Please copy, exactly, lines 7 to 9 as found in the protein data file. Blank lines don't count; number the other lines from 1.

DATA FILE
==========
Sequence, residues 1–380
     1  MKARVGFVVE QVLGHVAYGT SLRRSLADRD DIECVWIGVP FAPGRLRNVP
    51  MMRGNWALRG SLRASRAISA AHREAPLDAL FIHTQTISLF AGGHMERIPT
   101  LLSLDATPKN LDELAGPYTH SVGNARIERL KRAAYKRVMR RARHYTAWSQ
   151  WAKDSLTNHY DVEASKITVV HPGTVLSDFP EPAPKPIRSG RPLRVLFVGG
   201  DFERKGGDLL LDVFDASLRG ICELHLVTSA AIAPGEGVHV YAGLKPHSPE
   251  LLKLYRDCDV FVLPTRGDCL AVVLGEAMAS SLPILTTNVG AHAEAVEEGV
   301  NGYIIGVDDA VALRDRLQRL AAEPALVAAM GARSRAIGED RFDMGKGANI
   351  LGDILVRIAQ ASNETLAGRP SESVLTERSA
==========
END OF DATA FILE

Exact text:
   251  LLKLYRDCDV FVLPTRGDCL AVVLGEAMAS SLPILTTNVG AHAEAVEEGV
   301  NGYIIGVDDA VALRDRLQRL AAEPALVAAM GARSRAIGED RFDMGKGANI
   351  LGDILVRIAQ ASNETLAGRP SESVLTERSA